Posted on: 23 April 2019 by Glenn Sands
LARA editor Glenn Sands provides a summary of the latest happenings across the low-fare airline and regional aviation industry.
Once again, Boeing’s 737 MAX series has taken the civil aviation spotlight. A series of videos on Twitter saw the Boeing CEO, Dennis Muilenburg, declare that the flight test series with the updated software had finished and it was now a case of waiting for certification. He tactfully avoided giving any kind of deadline.
During the test programme, the 737 MAX test aircraft completed 120 flights using the updated manoeuvring characteristic augmentation system (MCAS) software. This has been the focus of attention for air accident investigators following the two MAX crashes. The test programme amounted to more than 230 hours of flight time.
An interesting development is that more than 85% of the 737 MAX’s worldwide operators have had exposure to the software through a series of simulator sessions. Muilenburg’s comments a few days later indicated that he had personally watched the improved software in operation across a range of flight envelopes.
The FAA demonstrated a sign of satisfaction with the improvements, which updated pilot training standards to ensure pilots thoroughly understood the MCAS and its use. Despite these new procedures, the Canadian transport minister, Marc Garneau, insisted each airline must first train their pilots in the new procedures in a simulator. He said a decision will then be made as to whether individual airlines operating the type will be allowed to enter Canadian airspace.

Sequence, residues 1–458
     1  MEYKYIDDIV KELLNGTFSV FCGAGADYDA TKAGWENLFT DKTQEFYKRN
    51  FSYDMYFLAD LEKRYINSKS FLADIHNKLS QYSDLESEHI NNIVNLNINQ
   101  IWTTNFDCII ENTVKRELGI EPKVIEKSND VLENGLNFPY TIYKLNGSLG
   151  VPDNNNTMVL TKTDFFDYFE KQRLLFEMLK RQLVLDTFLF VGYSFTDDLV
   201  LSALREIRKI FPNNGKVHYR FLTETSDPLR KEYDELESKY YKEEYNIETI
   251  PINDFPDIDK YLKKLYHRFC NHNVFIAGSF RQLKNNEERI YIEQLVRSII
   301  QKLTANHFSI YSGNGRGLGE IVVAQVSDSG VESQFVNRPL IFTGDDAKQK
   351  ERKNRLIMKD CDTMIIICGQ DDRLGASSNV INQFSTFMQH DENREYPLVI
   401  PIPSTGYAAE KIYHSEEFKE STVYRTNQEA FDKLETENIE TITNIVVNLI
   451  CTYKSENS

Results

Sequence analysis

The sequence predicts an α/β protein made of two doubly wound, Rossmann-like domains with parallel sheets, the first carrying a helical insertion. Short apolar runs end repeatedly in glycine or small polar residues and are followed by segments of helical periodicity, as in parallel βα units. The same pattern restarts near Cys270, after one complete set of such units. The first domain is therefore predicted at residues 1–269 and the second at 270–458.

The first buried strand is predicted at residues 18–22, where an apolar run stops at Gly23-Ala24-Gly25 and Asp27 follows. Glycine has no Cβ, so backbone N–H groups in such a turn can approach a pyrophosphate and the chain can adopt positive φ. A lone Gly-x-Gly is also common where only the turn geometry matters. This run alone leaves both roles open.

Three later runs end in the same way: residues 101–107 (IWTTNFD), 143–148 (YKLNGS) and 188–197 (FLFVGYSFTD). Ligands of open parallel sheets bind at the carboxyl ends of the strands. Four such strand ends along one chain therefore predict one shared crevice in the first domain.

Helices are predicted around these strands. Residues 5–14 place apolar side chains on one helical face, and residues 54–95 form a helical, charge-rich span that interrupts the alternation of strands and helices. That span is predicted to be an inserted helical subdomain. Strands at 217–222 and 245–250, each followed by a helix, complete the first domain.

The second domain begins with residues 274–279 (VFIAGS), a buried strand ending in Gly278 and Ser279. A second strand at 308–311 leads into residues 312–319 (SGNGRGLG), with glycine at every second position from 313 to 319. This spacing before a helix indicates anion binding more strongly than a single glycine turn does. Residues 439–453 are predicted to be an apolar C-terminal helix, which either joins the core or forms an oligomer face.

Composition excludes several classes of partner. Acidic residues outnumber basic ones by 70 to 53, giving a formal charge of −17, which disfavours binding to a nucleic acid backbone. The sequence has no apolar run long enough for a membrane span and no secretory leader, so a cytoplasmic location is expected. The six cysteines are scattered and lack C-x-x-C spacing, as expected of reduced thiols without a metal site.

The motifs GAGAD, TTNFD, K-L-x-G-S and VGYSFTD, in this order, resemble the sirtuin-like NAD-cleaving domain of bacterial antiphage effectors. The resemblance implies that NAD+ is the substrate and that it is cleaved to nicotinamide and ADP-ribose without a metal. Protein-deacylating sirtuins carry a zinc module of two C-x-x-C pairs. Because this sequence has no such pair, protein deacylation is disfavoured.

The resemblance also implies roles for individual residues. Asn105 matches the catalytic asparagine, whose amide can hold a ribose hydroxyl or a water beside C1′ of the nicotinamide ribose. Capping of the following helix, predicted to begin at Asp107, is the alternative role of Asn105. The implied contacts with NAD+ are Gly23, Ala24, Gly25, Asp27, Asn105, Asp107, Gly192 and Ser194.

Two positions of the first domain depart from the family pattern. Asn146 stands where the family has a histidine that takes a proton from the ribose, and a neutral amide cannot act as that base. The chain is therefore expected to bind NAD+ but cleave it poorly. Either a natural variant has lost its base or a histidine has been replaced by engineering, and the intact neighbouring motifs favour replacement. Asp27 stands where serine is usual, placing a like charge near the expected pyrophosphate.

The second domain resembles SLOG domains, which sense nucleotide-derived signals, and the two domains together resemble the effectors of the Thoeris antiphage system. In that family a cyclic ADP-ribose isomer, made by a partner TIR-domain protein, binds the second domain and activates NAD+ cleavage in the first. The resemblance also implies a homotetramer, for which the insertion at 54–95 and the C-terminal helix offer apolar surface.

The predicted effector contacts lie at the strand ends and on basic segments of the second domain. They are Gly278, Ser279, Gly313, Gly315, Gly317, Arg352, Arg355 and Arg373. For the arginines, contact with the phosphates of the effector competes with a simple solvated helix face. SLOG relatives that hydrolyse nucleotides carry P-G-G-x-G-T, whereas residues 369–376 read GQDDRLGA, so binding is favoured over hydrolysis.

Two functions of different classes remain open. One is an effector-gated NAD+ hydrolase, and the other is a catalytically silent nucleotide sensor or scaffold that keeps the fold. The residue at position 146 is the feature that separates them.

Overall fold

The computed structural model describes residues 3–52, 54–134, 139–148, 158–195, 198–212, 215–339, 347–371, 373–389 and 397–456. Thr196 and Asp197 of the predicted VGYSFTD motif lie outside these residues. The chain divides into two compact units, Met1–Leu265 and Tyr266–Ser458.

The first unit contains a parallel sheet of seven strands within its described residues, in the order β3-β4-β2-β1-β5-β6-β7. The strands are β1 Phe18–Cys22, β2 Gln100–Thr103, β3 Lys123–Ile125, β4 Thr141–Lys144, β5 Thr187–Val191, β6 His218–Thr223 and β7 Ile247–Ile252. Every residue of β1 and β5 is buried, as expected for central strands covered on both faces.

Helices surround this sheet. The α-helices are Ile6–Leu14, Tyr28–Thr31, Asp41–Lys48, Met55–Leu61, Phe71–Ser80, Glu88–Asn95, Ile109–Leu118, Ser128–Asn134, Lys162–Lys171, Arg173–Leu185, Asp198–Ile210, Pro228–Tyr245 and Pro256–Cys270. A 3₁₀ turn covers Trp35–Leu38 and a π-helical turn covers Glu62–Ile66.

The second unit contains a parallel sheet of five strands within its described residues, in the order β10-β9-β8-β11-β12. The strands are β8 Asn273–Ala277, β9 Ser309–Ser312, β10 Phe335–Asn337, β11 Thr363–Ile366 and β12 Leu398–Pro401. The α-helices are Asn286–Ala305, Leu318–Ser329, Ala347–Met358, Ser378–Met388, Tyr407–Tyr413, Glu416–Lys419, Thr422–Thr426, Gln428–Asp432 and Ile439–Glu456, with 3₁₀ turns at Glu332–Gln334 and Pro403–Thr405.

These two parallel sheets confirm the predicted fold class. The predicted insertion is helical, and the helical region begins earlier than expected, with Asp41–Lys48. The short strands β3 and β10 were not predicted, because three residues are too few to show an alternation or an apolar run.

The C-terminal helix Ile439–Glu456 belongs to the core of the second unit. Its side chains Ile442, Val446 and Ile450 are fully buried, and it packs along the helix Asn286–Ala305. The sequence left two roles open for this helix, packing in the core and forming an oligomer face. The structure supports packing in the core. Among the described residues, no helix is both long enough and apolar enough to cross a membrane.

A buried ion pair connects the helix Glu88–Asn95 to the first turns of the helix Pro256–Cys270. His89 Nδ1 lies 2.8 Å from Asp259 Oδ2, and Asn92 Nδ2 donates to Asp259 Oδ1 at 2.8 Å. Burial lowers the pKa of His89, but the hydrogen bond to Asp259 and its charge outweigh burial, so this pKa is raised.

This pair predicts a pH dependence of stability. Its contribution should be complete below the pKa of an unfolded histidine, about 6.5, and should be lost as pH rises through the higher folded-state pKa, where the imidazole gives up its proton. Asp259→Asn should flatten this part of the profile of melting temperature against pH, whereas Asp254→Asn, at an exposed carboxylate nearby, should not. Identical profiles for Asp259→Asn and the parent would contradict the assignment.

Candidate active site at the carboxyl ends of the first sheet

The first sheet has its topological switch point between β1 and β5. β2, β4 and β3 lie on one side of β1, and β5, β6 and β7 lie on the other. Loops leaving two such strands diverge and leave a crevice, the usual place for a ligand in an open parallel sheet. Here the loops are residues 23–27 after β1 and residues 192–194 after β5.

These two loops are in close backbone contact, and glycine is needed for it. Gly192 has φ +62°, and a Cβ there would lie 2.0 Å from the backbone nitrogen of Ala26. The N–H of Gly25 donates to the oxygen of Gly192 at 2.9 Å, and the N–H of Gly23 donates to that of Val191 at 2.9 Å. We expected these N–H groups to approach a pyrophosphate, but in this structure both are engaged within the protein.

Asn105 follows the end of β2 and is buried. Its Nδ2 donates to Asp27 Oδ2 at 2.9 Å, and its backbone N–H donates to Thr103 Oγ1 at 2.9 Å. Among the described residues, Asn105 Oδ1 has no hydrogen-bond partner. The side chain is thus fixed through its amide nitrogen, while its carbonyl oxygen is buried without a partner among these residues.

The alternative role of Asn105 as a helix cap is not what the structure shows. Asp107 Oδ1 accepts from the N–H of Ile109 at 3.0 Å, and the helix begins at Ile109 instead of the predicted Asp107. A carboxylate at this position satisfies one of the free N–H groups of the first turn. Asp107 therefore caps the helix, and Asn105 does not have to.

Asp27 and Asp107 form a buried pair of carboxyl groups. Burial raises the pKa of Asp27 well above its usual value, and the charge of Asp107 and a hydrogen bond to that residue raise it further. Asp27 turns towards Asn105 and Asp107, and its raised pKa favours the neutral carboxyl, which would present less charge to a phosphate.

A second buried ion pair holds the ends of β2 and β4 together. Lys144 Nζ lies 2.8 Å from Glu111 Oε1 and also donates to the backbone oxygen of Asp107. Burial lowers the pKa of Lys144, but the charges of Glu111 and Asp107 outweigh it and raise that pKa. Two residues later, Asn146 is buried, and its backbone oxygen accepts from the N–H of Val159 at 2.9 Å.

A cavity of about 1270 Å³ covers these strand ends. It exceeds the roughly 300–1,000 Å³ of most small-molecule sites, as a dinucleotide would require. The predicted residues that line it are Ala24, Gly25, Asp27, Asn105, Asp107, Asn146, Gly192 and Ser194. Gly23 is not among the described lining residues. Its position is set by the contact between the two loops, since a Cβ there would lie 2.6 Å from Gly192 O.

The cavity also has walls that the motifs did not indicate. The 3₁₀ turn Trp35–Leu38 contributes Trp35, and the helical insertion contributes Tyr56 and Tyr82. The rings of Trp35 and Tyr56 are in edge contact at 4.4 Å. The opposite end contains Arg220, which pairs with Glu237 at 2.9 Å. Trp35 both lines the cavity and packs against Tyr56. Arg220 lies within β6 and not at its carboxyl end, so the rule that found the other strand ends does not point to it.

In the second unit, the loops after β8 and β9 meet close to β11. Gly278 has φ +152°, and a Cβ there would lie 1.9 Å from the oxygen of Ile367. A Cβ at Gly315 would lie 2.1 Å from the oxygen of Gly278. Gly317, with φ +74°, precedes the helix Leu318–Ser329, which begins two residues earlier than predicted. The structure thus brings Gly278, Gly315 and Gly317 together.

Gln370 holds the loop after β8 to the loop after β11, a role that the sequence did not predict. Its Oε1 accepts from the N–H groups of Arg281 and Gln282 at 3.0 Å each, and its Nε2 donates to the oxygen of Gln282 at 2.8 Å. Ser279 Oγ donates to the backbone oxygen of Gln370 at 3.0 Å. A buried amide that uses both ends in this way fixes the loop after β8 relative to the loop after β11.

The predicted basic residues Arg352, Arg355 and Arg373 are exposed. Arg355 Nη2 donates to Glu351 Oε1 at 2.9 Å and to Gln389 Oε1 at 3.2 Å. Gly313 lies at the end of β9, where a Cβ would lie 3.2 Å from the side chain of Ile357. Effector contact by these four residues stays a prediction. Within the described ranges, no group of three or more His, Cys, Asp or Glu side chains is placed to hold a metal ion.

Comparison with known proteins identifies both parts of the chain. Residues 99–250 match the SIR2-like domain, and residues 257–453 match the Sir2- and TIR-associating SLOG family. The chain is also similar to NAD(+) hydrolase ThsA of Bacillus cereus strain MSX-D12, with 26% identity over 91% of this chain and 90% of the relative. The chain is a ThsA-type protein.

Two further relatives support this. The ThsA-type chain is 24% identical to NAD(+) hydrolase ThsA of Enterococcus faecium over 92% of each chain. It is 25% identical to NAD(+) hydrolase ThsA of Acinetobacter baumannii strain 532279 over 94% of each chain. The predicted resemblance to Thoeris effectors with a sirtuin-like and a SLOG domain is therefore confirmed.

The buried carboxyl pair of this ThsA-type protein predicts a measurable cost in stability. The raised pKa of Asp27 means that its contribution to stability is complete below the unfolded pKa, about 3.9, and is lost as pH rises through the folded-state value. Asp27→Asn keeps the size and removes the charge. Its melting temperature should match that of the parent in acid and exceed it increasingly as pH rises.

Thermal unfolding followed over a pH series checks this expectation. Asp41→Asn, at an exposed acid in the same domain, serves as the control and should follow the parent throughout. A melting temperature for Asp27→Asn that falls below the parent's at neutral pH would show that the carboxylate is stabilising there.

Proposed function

Garneau, a former astronaut, stated: “Simulators are the very best way, from a training point of view, to go over exactly what could happen in a real way and to react properly to it, which takes time. It’s not going to be a question of pulling out an iPad and spending an hour on it in order to prove that you are qualified.”
This does beg the question whether other countries that also banned the 737 MAX from their airspace will make similar demands on Boeing and operators of the type.
Boeing may have gone some way to solve what may have contributed to the two 737 MAX accidents, but gaining approval to get the series back into service with regional operators globally may prove a lot more complex than upgrading a software system.
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